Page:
Spectacular images of the heavens grace many a travel brochure and website, and as a result, star photography is often misconceived as being a realm reserved solely for the professional photographer. This is far from the truth however.
The Southern Stars in particular are renowned for their brilliance, and the African bushveld is as good a place as any to make your first foray into this particular aspect of photography; you are far from any major light pollution, certain months of the year offer completely clear, haze-free nights, and the distant (or not-so-distant!) roar of a lion can add immeasurably to the experience.
Although summer is traditionally not the best time to photograph the stars, we do still get many clear nights during the season, and the different constellations of this time of year can make for wonderful variety in your stellar portfolio.
To get started, there are few essential items that you need to be in possession of:
- A Tripod.
Photographing the stars requires the camera to be absolutely still; the slightest movement can ruin your picture, so a solid mount is necessary. The sturdier the tripod the better, as even a slight breeze can cause a lighter tripod to sway, spoiling the image.
One can get away with a beanbag if you absolutely have no other option, but then you need somewhere decent to mount it, and you lose the ability to make small and easy adjustments to your camera angle.
- A Camera with Manual Mode
Manual mode gives you complete control over your ISO, aperture and shutter speed settings, all of which combine to give you the correct exposure.
- Wide Angle Lens with Wide Aperture
In order to capture the magnificence of the night skies, you need a lens that has as wide a field of view as possible. Using a telephoto lens might be useful to photograph the moon, but to include as many constellations as you can, you need to be right down in the 20mm range, or even less.
Ideally your lens should have an aperture of 2.8 or less. This means that the lens can open wider, which means more light can be captured in a shorter space of time. Although our eyes can see the stars clearly, cameras struggle, which is why equipment is important.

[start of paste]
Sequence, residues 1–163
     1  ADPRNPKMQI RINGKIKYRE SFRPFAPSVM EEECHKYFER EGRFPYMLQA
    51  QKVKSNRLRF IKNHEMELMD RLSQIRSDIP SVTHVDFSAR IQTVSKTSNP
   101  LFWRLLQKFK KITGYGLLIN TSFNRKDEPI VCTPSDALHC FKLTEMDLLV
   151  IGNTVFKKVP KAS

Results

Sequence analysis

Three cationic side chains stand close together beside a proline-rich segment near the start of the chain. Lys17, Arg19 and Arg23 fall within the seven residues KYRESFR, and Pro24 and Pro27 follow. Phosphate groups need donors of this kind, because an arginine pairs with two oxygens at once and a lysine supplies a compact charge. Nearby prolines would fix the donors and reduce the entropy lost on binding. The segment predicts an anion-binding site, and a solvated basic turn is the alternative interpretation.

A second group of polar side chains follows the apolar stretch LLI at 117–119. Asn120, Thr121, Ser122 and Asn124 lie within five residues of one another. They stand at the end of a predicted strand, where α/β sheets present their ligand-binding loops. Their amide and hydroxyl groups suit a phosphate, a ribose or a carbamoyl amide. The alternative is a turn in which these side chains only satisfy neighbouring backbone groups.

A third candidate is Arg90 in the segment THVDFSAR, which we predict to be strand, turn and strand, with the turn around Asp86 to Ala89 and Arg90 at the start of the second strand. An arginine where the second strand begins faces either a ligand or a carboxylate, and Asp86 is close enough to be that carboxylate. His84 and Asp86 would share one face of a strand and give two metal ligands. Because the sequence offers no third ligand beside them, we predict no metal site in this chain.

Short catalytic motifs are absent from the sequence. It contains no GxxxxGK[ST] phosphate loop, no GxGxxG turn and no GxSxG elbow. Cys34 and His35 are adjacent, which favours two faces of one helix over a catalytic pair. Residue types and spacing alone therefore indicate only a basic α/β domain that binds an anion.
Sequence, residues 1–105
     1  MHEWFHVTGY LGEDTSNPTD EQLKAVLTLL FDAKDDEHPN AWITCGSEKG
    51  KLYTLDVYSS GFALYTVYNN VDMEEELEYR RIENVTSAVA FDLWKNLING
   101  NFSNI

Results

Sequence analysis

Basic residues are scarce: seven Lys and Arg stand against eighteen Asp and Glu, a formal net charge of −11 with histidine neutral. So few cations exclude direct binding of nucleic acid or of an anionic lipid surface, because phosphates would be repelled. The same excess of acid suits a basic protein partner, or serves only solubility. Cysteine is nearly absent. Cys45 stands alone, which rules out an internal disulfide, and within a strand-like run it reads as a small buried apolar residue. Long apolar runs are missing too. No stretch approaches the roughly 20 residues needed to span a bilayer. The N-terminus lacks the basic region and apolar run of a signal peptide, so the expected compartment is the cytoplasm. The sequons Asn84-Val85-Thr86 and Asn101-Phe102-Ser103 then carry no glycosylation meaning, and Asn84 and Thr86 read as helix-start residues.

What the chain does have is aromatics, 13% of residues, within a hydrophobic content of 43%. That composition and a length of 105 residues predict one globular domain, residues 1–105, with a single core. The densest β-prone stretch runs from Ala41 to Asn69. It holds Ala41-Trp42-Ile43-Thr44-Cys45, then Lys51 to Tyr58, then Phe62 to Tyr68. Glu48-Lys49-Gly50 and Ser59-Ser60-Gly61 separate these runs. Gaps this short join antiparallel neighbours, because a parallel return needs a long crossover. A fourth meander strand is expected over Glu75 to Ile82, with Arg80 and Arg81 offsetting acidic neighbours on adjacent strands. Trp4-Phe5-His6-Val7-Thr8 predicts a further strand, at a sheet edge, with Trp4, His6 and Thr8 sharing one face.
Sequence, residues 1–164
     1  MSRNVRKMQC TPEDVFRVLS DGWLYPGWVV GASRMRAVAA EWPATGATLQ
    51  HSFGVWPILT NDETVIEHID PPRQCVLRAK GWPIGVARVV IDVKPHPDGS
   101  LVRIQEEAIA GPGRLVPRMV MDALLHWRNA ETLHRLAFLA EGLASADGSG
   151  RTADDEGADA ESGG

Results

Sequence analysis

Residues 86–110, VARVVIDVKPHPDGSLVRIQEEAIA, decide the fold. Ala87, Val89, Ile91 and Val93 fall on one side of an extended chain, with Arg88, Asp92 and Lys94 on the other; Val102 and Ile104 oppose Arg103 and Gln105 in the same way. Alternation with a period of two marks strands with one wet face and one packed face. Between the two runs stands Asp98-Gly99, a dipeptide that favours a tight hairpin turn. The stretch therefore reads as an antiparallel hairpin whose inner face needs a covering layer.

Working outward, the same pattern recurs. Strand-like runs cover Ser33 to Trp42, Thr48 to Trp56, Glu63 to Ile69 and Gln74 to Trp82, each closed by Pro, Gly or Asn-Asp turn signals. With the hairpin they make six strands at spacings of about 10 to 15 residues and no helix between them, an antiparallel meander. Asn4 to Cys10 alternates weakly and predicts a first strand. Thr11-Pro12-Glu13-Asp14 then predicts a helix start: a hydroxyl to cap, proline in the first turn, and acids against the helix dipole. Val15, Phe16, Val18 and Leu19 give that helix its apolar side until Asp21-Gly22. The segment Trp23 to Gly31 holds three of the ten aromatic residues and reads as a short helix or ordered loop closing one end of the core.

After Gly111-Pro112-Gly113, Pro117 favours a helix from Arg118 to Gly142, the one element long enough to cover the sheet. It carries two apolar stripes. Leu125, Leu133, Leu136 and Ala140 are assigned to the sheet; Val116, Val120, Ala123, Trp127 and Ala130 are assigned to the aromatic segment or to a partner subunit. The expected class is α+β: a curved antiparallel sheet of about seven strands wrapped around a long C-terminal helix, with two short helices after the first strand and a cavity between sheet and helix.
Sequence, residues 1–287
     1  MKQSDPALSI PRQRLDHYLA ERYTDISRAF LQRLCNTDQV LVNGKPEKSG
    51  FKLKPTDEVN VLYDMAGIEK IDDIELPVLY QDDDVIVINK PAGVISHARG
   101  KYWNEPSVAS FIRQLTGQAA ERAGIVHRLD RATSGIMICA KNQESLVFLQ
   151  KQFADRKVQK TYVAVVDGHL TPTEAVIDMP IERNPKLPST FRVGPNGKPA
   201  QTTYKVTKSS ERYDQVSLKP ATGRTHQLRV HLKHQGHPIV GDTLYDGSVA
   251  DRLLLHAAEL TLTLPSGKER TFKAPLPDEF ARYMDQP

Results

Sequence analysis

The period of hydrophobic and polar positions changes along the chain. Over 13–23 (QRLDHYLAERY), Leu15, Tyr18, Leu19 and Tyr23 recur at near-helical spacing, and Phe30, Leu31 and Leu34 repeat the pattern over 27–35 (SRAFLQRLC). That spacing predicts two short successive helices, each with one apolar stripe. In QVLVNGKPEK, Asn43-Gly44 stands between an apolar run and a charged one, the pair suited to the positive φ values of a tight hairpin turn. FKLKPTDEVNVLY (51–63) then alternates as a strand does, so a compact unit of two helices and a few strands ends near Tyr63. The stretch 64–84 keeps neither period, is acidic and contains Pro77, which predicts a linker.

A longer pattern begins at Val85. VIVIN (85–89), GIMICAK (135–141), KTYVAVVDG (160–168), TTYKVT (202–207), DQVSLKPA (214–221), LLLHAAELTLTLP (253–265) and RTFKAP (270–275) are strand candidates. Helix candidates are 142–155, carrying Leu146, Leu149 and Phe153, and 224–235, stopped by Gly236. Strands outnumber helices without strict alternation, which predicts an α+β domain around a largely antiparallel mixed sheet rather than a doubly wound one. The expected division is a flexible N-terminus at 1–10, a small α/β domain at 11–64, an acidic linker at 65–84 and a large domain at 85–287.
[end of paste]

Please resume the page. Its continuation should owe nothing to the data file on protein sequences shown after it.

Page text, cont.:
- An Intervalometer/Camera Timer
This piece of gear isn’t 100% necessary, as most cameras will take an exposure of up to 30s without a timer, but if you want to start shooting at longer exposures, you’ll need one.
Now that you have all your equipment set up, let’s imagine we want to take a photo of the Milky Way, the densest band of stars visible at Londolozi.
The first thing to do is get your camera focused. A couple of test shots will usually be necessary to get this right, but the best way to start is to turn your lens’ focusing ring all the way until the infinity sign (that looks like an 8 on its side), then twist it fractionally back. Since the stars are an incredible distance from earth, just before infinity will be a good focusing point to start, but as mentioned, a couple of test exposures are often necessary to get it right.
The type of photograph you want to capture will dictate what settings you use, but here is a good jumping off point:
- Manual Mode
- RAW Image Format
- F-Stop/Aperture – As wide as possible to allow for maximum light uptake. Anything wider than 2.8 and you will struggle to get a decent image without having to crank up your ISO, which will create a lot of noise.
Lenses that go down to 1.8 or even 1.4 are ideal for capturing as much light as possible, but it can be a bit of a struggle to focus them at night.
- Focal Length should be between 10-24mm ideally.
- Exposure Time should be between 10-40s depending on the lens you are using. Remember that longer exposure times may get the stars to smudge slightly, as despite being stationary to the naked eye, they are in fact moving constantly, which will quickly become evident on your camera.
A commonly used rule is to take the number 500 and divide it by your focal length to get the maximum time you can leave an exposure before getting star trails. For example, a focal length of 20mm allows for a 25s exposure. Note: If your camera has a crop sensor, this will affect the calculation.
- ISO settings are a tricky one, as greater ISO means the camera is more sensitive to light, and the stars will be more visible, but it also creates more noise. Ultimately your camera itself will often determine what ISO settings to use, as some models are better in low light. Some tutorials recommend ISOs of between 2500-6400, but I generally try to stay lower than this.
Once you have set up and got your settings dialed in, start shooting. Simply getting out there and giving it a go is the obviously the first step to take.
One last recommendation I would make is to set your shutter delay to 2 seconds. This means that once you push the shutter button to take the photo, the camera has 2 seconds in which to stop moving, which it will have done no matter how gently you pressed it.
Any questions, please add them in the comments section below.